The main attraction of Nepal for many visitors is the network of hiking trails that connect its villages. You meet local people and can immerse yourself in the culture as you meet genuine hospitality.

Snow-peaked mountains form a picturesque backdrop, even if you do not aspire to climbing them.

The fluttering prayer flags and high peaks on the road to Everest Base Camp make for great memories but sore knees, while Annapurna has a greater variety of terrain if you need any gentler days.

You will meet lots of other hikers on it but the 120-mile Annapurna Circuit also brings you plenty of opportunity to experience local life.

Surrounded by 20,000-foot peaks, and plunging to subtropical valleys, this is one of the world’s most dramatic hiking landscapes.

Pokhara is the gateway to Annapurna and enjoys a beautiful setting on Phewa Lake. A ferry on the lake is a gentle way to see the Himalayas.

The trek to Poon Hill is also noted for its incredible views of these mighty mountains. Anyone who does it is almost guaranteed to want to return to Nepal for more.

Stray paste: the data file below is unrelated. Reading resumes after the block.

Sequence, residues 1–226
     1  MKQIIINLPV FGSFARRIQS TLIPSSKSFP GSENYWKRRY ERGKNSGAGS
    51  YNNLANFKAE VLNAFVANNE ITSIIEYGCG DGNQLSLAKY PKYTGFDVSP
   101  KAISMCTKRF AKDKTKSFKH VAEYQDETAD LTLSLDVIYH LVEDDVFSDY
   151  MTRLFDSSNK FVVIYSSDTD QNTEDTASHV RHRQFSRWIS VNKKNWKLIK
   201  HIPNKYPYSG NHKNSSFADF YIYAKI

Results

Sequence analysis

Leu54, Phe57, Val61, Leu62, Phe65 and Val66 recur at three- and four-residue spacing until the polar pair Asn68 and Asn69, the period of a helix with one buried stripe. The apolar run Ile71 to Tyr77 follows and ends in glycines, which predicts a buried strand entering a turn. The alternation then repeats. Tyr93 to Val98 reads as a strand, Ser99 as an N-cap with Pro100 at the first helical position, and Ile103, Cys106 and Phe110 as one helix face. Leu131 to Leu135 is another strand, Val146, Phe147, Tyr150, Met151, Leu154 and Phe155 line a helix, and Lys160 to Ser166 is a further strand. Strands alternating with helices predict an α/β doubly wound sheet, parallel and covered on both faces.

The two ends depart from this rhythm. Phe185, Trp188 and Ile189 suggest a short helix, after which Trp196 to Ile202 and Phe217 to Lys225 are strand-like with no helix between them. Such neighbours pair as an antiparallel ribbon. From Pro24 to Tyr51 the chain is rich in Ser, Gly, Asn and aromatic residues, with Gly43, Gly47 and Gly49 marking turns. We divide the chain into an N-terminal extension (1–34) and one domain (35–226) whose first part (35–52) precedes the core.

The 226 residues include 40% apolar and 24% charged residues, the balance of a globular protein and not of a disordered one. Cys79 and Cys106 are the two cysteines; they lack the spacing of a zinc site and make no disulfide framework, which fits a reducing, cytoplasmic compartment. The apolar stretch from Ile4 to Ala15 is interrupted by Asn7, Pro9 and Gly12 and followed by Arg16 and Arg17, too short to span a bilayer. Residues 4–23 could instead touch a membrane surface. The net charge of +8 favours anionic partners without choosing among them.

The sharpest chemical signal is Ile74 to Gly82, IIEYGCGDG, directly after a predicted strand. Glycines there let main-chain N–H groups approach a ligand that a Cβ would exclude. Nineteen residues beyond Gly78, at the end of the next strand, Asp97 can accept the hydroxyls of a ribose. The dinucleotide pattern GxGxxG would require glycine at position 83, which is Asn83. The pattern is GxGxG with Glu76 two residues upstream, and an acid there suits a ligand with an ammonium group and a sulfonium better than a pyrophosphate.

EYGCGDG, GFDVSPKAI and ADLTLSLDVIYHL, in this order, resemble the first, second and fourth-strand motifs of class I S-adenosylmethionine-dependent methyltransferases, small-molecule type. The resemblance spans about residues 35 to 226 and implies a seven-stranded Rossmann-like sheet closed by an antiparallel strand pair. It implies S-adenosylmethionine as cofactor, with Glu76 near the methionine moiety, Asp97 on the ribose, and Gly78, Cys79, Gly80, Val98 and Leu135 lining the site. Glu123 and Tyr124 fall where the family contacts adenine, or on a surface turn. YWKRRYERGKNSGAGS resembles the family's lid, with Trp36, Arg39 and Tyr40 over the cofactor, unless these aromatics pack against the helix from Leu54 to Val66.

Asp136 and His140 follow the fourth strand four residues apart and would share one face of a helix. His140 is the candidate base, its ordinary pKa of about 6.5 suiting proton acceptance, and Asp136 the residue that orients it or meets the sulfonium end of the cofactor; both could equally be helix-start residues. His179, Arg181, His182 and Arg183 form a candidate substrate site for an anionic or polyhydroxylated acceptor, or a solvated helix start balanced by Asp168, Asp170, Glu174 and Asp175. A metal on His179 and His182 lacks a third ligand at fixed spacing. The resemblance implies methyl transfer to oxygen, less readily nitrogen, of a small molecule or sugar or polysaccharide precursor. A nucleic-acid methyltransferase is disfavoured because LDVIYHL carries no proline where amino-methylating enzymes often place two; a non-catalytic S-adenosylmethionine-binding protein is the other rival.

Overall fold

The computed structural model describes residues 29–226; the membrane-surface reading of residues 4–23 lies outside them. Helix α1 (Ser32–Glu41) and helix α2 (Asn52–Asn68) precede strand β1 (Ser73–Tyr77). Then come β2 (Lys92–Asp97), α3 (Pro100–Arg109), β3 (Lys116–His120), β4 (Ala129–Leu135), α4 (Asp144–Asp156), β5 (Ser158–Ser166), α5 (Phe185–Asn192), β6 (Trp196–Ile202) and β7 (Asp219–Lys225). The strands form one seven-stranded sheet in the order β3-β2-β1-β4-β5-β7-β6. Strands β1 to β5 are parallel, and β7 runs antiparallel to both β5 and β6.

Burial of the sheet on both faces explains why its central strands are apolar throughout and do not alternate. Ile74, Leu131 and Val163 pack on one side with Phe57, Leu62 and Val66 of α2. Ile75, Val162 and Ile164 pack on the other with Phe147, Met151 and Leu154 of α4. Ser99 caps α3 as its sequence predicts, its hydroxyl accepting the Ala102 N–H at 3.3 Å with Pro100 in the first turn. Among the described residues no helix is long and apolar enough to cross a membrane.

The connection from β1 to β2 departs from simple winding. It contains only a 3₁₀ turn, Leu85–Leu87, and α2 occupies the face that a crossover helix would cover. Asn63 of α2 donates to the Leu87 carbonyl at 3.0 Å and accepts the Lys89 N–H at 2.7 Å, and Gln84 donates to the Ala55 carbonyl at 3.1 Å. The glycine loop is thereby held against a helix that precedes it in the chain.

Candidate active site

A similar experience is found on the half-day hike from Pokhara to Sarangkot, although a drive to catch the sunrise is also a popular option.

Seeing some of the most dramatic Himalayan peaks lit up by the rising sun is a sight to remember for a lifetime.

Kathmandu – now home to 1.4 million people – has become a victim of its own reputation, with its original attraction often hidden under swarms of visitors and commercialisation.

That chaos has not been helped by the 2015 earthquake, which destroyed many historic buildings in the central Durbar Square.

However, sights such as Boudhanath Stupa (one of the largest in the world), Swayambhunath Temple (reached by 365 steps) and Kopan Monastery remain well worth seeing.

Step off the beaten path and you can still find the exotic charms that first put the city on the map: carved doorways, courtyards full of drying spices, and incense-heavy local temples.